How can I increase the positive interactions I have with my child who has ADHD and dyslexia?
The first step is to catch him being good.
How can I increase the positive interactions I have with my child who has ADHD and dyslexia? It seems like I'm always on his back to do homework or practice speech and language drills.
Kids with ADHD and dyslexia definitely take a lot more pushing. They’re getting a lot of commands from their parents, and they’re also getting a lot of negative feedback. They get used to hearing, “Why haven’t you done this yet?” or “I’ve told you this five times already!”
To help offset and slow the flow of negative feedback, parents can practice looking for positives, small positive things your child does throughout the day. A great way to do this is to focus on what we call “catching your child being good.” I encourage parents to pick one or two things their child currently does sometimes that they would like to see them doing more often. For many parents, these are things like following through on a parent’s instruction the first time or playing nicely with a sibling. So when your child follows your instruction the first time you ask him, say, “Thank you for doing what I asked right away!” When you catch him having a positive interaction with a sibling or a friend, say, “Oh, you guys are playing so nicely together!” Try to praise these smaller things as they happen throughout the day.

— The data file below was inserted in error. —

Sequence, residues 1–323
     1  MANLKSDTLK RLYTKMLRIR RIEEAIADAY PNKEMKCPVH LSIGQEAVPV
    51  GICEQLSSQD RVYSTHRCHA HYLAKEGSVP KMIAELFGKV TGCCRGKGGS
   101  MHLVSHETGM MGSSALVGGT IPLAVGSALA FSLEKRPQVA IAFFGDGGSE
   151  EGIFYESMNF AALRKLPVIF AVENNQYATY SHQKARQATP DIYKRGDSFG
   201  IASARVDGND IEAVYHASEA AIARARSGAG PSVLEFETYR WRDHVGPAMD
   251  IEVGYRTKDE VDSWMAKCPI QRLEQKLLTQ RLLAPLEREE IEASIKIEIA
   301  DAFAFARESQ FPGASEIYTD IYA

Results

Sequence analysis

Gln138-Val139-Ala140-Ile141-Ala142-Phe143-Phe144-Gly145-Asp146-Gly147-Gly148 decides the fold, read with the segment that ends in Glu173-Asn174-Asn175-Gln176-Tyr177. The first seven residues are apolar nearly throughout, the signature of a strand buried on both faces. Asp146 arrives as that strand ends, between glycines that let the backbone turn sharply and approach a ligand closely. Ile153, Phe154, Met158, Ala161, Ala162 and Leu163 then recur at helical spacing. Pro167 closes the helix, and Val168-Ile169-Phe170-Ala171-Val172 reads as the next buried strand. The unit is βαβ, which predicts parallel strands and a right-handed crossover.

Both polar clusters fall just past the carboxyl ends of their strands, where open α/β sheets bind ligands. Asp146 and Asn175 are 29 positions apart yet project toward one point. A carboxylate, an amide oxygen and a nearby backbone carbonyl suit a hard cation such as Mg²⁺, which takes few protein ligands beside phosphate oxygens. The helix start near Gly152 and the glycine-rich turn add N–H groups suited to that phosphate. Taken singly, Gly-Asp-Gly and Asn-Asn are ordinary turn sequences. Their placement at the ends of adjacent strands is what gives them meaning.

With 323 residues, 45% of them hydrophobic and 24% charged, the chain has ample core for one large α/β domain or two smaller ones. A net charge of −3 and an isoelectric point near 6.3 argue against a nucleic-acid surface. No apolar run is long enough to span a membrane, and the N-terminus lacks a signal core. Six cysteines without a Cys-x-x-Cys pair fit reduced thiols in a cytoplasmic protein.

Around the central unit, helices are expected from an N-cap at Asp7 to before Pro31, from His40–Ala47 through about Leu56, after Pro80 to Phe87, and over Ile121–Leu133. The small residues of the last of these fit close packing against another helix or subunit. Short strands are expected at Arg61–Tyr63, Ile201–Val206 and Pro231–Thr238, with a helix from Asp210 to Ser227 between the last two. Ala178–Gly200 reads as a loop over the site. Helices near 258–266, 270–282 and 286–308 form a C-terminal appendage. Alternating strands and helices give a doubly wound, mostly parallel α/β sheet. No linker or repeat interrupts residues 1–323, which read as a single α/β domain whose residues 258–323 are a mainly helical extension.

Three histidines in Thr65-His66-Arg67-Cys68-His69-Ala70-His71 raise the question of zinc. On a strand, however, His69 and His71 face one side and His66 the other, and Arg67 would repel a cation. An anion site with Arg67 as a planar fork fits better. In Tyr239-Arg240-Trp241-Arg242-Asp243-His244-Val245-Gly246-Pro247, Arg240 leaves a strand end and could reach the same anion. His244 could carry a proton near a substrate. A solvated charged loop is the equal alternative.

You also want to be sure you are praising your child effectively. Effective praise helps him really hear what you are saying and take in that feedback to improve his behavior. The first rule of effective praise is labeling what you’re praising. Rather than simply saying, “Good job!” you want to actually say what he did. “Good job getting out of bed on time this morning!” or “Good job putting your shoes on quickly!” If you clearly label these positives, and do it repeatedly, you’ll see an improvement in these behaviors over time, as well as an improvement in your relationship. It might take a lot of practice and focus on your part, but it really works.
It’s also important to plan for some quality time, one-on-one time with your child. For a child who receives a lot of commands and negative feedback throughout the day, we provide parents with guidelines for structuring quality time. Specifically, the child should lead the activity, and parents should refrain from telling him what to do or evaluating his activity or performance — positively or negatively. This gives your child the chance to express himself and bring you into his world a little bit. Guiding your child toward a non-competitive activity that doesn’t require a lot of parental instruction is key to successful quality time. Activities like playing with play dough, shooting basketball hoops, drawing, or playing with Legos are often good choices. You’ll find that doing this a few times a week, even if it’s just for 15 minutes each time, can lay the foundation for improving your relationship with your child.